On June 22, Reed, 40, and Williams, 20, walked to the bank as it was opening and knocked on the glass, police said. When an employee came to investigate, one of the men pulled out a gun and pointed it at her.
The men made off with an undisclosed amount of cash, but were captured moments later by police near the Martin Luther King Jr. Community Center and Washington Manor.
Detectives said at the time that the men were each wearing layers of clothing and were shedding one set as they fled in an attempt to change their appearances.
Reed and Williams' lawyers asked Kanawha County Circuit Judge Carrie Webster to throw out their initial statements to the police. In Williams' case, Webb initiated an interrogation even after the defendant invoked a right to have counsel present, said his lawyer, John Carr.
Williams, when he was arrested, told a patrolman that he wanted to speak to a lawyer. Under the law, that should have ended the interrogation unless Williams changed his mind and said he wanted to talk, his lawyer said.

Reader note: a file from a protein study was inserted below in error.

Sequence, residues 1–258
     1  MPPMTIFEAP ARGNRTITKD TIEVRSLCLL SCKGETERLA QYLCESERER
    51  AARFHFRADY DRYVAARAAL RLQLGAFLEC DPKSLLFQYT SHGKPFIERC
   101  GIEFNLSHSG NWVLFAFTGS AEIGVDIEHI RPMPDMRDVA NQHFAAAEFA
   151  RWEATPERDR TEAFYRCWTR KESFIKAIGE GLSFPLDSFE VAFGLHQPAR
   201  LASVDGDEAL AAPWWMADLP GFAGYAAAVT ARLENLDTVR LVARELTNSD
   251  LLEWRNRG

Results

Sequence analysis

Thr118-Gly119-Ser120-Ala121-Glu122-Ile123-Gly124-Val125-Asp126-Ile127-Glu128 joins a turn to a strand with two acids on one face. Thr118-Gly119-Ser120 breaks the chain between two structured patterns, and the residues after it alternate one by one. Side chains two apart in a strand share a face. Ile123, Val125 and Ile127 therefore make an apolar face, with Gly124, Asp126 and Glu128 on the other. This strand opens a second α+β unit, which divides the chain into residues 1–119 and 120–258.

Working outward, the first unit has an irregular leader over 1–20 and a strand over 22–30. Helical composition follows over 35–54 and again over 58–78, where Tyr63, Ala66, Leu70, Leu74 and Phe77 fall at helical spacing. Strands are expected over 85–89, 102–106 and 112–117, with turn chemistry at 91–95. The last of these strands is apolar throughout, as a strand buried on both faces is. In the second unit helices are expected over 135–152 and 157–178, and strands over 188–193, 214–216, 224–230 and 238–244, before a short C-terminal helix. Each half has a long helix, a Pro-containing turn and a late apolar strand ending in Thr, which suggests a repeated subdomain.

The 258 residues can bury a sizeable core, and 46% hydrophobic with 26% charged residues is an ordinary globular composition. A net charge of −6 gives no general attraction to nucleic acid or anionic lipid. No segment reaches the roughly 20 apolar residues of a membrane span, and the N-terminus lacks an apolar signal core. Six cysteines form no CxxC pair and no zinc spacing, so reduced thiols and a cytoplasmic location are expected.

Webb said that Williams did tell another officer that he wanted to reinitiate the conversation. Carr pointed out that there is no evidence of that in the interrogation transcript. The patrolman who arrested Williams was not available to testify.
"I know you talked to an officer," Carr, reading from the interrogation transcript, said Monday. "You asked for a lawyer, right?"
When Williams confirmed that he asked for a lawyer, Webb left the interrogation room. When he re-entered, he told Williams "the only way we can talk to you is if you reinitiate the conversation," Carr said.
Reach Zac Taylor at zachary.tay...@wvgazette.com or 304-348-5189.